By Julie McCay Turner
A position at Raytheon, when its Missile Systems Division was located on Hartwell Road, brought John Linz and his family to Bedford in 1969. Now, 48 years later, John has been named Citizen of the Year for 2017-2018. Both his family and his professional background have played an important part in his Bedford career.
Typically Citizens of the Year learn about their honor in a face-to-face conversation with a representative of the confidential committee that makes the decision. This year, John and Marie Linz were out of town when that decision was made.
A phone call to one of Linz’s daughter resulted in a Bluetooth-enabled conversation as they returned to Bedford from a family dinner in Pennsylvania. With Lisa in California, Christina in North Carolina, and Laura in Pennsylvania, the announcement became a family affair. “And I managed to not run off the road,” Linz said. A three-generation family reunion is planned, with Linz’s daughters, their husbands, and their children watching when he leads the Bedford Day parade and joins local dignitaries at the reviewing stand on September 23.
As a member of the Finance Committee during the 1980s, prior to the 25 years he served as an Assessor, Linz has watched Bedford evolve into today’s modern and professional town government.
Looking back, Linz noted that the Selectmen once performed nearly all the functions that are now handled by the Town Manager and the paid managers and staff who replaced volunteer staff on many boards and committees. Bedford experienced several early town administrators before Rick Reed was hired, and Linz worked with Joe Sweeney and John McCulloch to sift through 100 resumes before presenting three, including Reed’s, to the Selectmen.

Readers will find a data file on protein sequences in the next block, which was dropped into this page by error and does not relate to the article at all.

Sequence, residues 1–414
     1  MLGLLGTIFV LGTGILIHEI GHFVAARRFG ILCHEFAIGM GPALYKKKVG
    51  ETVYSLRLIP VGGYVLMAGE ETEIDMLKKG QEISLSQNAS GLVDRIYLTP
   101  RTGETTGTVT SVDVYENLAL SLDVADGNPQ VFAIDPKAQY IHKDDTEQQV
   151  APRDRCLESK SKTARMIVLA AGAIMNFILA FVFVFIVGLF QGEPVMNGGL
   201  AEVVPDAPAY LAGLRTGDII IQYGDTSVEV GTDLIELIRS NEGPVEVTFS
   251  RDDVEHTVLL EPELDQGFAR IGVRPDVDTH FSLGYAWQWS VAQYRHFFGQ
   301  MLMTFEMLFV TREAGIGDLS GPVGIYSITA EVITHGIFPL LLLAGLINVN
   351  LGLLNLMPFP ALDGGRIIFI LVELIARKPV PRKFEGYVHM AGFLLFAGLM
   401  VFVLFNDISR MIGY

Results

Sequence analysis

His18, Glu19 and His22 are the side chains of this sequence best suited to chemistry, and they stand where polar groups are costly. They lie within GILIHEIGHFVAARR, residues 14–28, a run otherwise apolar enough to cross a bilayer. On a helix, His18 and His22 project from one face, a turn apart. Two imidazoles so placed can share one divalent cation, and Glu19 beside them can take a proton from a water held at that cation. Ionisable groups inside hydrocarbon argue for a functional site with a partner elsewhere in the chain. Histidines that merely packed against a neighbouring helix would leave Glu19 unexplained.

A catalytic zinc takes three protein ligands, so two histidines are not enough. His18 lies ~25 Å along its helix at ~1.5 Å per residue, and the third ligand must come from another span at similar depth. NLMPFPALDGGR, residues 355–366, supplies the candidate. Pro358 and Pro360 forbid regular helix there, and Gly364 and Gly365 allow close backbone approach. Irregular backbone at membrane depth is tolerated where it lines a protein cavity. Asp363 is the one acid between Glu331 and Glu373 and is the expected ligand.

With an engineering background and significant management experience, Linz – a self-described ‘data junkie’ — was well-suited to the job when he first ran for Assessor. “There’s a LOT of data to work with,” he grinned. During Linz’s early years on the board, the town moved into sync with emerging technologies. The first computer used on behalf of the assessors was Linz’s home machine, back in the day when personal computers were the size of carry-on suitcases. The department has gone on to move fully into the present with a professional staff and much more powerful computers.
Linz’s background as an assessor, as well as his passion for local history, currently benefits the Historic Preservation Commission. The Commission is charged with the preservation, protection, and development of Bedford’s historical, archaeological and cultural assets – many of which are older homes subject to demolition delays before new construction can take their place.
Outside local government, Linz has watched St. Michael’s Parish grow from a small, country church to a modern congregation with strong internal leadership, a Parish Center that is widely used for both parish and community events, and a group of leaders committed to mentoring a new generation of leadership for the parish.
An early interest in his daughters’ figure skating competitions at the old Belle Isle skating rink on Loomis Street led to Linz’s becoming a semi-professional sports team photographer. That led to a weekly stint reporting on Recreation Department-sponsored ice hockey games for the Bedford Minuteman during Mike Rosenberg’s tenure as editor.
And photography brings Linz back to his passion for history, as a member of the Friends of the Job Lane House board of directors. For the past several summers, Linz has photographed the summer archaeology and colonial history programs that the Friends have offered through the Recreation Department. This year, Linz created a photo album commemorating this year’s Kids Colonial Week – Click here to read John Linz’s Colonial Kids Week Album.
Editor’s Note: Congratulations, John Linz, and thank you for your service to the Town.